All these improvements are being made despite 16 states having some form of legislation that prevents full compliance with either the REAL ID Act of 2005 as a whole, or some portion of it, such as laws in Washington and New Mexico not requiring verification of legal presence, which is key to REAL ID compliance. The Alaska legislature will not permit an appropriation to enable legal presence checks. States like Missouri and Montana have outright bans on REAL ID compliance, but even these states are improving standards. Oregon will not permit its motor vehicle agency to share data with other states. Other states, like New Hampshire, cannot spend money on REAL ID compliance without prior approval.
In April 2011, 12 states had not pursued any real improvement in driver’s license standards or issuance procedures related to REAL ID. That number is now lower, and may only include Louisiana and two territories, Guam and the Marianas. Even Louisiana, however, while steadfastly uninterested in REAL ID, is interested in analyzing its vulnerabilities and working with AAMVA on improvements and access to legal-status verification, as legal presence is important to the state. Alaska was potentially in this category, having met only seven benchmarks, but that’s up from fewer than four benchmarks last April, and it has issued requests for contracts on central issuance and facial recognition, putting it at the bottom of the “+” category on this chart, along with the U.S. Virgin Islands.
Key Elements to REAL ID Compliance
The core security mission of REAL ID can be summed up in three areas:
2. Tamper-Resistant Cards
A lost or stolen driver’s license or ID in the past was a boon to counterfeiters and identity thieves because the cards could be easily modified to a new or assumed identity. Tamper-resistant cards prevent that. The REAL ID Final Rule5 delineates the following:
New Jersey’s list of 25 REAL ID Card Requirements shows how states technically seek to achieve tamper-resistant cards.6
While impossible to know whether every state has incorporated all elements of a secure driver’s license/identification as required by the Final Rule — only a DHS audit could produce that information — it is possible to know whether states have made their cards more tamper-resistant. Because the new card “look” directly affects consumers, most states advertise their new designs in varying detail. As of January 2012, at least 43 states were advertising or making information available indicating a variety of improvements in developing tamper resistant cards. Two more are beginning production soon. The remaining 11 either have not or it is unclear.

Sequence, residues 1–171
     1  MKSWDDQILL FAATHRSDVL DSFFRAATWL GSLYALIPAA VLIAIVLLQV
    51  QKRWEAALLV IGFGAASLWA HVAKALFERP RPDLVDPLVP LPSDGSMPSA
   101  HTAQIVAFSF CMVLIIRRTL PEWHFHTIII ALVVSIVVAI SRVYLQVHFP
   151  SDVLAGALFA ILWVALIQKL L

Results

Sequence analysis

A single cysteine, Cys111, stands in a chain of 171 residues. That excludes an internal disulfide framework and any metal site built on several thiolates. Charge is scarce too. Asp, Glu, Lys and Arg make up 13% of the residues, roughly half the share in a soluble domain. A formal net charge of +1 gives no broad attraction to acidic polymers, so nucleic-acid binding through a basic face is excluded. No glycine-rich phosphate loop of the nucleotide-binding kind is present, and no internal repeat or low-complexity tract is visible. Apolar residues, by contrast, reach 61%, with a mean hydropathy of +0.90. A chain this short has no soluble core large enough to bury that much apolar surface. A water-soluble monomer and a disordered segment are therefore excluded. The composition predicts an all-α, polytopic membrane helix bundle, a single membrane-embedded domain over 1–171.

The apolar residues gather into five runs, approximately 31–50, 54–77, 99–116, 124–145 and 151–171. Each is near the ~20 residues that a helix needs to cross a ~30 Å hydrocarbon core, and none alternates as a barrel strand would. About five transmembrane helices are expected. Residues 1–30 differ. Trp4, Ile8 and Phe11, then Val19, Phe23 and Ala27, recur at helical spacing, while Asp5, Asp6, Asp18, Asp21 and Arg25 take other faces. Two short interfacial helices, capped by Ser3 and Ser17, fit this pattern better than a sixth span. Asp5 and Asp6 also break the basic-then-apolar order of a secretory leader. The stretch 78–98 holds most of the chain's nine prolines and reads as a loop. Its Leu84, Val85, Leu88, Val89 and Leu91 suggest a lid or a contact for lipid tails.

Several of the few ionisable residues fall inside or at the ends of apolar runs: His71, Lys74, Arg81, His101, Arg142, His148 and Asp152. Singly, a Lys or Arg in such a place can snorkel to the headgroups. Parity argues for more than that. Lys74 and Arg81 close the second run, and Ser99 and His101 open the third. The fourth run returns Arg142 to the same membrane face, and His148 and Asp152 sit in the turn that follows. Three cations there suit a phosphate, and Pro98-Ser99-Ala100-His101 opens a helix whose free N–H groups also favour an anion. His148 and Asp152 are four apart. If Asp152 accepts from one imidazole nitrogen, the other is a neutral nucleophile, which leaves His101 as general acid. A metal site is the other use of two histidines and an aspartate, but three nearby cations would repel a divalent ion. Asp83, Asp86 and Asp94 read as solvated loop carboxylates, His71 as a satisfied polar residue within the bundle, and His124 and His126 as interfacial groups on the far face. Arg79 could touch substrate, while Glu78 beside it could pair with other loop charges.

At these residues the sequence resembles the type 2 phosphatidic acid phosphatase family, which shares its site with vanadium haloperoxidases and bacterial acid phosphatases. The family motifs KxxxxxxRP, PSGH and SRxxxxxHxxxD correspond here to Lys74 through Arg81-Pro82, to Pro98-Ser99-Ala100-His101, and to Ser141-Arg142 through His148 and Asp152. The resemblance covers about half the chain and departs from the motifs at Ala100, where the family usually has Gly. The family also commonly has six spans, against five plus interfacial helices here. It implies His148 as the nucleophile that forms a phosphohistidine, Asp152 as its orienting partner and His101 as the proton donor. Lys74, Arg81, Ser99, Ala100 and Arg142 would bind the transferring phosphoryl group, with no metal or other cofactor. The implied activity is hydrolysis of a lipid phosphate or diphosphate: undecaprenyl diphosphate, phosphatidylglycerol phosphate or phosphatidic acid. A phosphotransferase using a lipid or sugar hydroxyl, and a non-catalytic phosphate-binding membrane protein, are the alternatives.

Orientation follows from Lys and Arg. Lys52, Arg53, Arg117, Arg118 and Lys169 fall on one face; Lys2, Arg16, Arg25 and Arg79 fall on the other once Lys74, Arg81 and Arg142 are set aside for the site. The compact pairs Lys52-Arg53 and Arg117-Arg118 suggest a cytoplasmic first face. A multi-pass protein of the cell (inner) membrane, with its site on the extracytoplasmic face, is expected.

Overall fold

3. Verification of Social Security Number
The 50 states plus the District of Columbia are actively checking SSNs, while the five territories are working with AAMVA on a pilot that will make SSOLV and SAVE available through both secure web services and a dedicated website that includes an “immigration photo capability.” AAMVA was also piloting integration of the deployment of US PASS, which provides passport data for U.S. citizens, into the DMV check via this same web service. American Samoa is adding US PASS now, the first jurisdiction to do so. US PASS acts as another form of a legal presence check. The jurisdictions committed or interested in AAMVA’s web project as of late September 2011 were: Alaska, American Samoa, Connecticut, Delaware, Guam, Florida, Hawaii, Indiana, Iowa, Kansas, Louisiana, Mississippi, Missouri, Nebraska, New Jersey, New Mexico, North Carolina, N. Mariana Islands, Puerto Rico, Texas, U.S. Virgin Islands, and Virginia.
4. Verification of Legal Presence in the United States